Her still bashful, though explicit, attempts to manifest the “woman’s point of view” towards the surrounding reality were included in her Rotundas, the works from the years 1960-1964. The large architectural sculptures made of concrete and resembling the Romanesque rotundas, were deposited by Pinińska upon the soft quilts. For the first time the artist made use of textile as well as the ready-mades: chains, bells, female ornaments. In her Lady With a Little Bird from 1964, upon a concrete board, beneath a carved sketch of the human face there is a padded waistcoat with two openings, the two breasts sticking out of them daringly. The activity with clearly erotic innuendos was there juxtaposed with an equally explicit reference to the religious tradition of the dressing up of the holy paintings. The female breasts are not only parts of the woman’s body. They stand for a banner of womanhood; they serve as the woman’s weapon and her way of communication with the world. It is them, rather than the numb face, that provoke our sense of touch.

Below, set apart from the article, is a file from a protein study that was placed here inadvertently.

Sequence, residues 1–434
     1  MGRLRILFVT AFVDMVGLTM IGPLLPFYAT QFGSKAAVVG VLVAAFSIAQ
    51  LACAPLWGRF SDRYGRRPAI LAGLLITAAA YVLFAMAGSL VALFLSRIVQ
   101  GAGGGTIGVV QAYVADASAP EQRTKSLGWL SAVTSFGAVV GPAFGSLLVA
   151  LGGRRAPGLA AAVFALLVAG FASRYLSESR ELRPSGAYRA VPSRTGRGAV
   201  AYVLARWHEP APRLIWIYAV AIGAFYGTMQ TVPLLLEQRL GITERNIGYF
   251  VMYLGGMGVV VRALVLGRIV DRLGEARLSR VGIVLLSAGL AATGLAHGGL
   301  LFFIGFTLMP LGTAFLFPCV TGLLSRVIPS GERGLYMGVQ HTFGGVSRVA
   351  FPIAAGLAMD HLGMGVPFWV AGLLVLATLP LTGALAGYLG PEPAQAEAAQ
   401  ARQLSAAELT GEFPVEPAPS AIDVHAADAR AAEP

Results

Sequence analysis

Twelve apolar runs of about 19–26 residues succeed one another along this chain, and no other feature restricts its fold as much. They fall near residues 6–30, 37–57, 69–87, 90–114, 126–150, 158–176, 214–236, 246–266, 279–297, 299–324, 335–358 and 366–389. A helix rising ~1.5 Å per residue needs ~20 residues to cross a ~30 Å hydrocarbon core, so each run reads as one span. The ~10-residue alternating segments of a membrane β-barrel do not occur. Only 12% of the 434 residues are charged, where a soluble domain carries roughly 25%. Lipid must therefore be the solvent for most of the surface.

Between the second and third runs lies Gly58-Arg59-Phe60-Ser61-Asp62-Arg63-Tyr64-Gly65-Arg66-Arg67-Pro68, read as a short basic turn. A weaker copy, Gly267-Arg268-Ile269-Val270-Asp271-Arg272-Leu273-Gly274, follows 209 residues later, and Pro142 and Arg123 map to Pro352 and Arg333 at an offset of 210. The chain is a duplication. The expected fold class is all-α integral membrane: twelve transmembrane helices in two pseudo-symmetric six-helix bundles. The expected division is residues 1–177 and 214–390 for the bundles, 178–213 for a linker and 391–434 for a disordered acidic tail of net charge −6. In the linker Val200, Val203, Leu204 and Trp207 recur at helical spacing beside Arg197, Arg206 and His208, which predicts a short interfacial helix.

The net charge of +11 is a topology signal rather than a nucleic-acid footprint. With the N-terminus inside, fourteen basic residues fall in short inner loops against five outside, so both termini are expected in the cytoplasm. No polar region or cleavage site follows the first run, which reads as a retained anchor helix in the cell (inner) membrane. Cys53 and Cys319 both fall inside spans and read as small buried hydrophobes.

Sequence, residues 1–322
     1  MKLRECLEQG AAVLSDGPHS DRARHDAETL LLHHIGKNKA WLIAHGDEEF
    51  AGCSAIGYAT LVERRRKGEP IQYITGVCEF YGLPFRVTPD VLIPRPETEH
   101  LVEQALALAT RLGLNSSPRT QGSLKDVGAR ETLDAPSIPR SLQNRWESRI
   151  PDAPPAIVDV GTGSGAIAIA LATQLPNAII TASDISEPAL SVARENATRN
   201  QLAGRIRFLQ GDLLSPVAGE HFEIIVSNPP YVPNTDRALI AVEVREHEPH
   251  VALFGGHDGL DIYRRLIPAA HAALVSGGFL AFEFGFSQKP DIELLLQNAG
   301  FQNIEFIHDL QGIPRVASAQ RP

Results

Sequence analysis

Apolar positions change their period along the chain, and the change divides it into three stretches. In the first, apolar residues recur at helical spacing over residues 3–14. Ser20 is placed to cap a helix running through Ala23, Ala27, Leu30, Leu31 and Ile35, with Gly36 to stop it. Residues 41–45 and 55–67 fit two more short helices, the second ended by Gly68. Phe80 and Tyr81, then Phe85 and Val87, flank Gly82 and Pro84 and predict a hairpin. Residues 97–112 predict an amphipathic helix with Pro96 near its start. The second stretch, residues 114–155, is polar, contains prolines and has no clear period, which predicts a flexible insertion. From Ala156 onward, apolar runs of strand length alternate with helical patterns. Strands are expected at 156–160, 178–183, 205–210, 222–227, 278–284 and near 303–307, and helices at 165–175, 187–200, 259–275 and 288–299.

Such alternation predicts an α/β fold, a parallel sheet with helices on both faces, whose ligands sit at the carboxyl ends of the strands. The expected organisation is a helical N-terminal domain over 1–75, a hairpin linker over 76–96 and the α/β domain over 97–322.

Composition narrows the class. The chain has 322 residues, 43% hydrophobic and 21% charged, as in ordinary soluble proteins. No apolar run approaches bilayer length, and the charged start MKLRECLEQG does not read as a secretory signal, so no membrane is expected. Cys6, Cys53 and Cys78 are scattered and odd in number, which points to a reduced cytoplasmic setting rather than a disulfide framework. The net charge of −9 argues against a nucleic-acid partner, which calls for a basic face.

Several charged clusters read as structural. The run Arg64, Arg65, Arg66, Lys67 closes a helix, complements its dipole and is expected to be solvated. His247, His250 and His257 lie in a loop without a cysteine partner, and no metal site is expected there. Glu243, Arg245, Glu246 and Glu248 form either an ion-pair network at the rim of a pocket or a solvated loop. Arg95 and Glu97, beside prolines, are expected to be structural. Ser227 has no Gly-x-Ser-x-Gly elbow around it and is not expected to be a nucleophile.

The years 1964-68 brought the artist’s final parting with the traditional sculpture materials. The papier-mâché works were made then. These were, e.g., empty shells, female torsos-bodices hung upon a swing, put on a wooden stand. There are breasts, fingerprints painted upon the bodices. While stimulating the viewer’s imagination the artist reduces the woman’s body and the woman herself to a strictly external dimension. She reveals that aspect of the woman’s existence in which she resembles – and recognizes herself as – a disembowelled shell. This is an acute evidence of the woman’s objectivization, of her exploitation, dehumanization.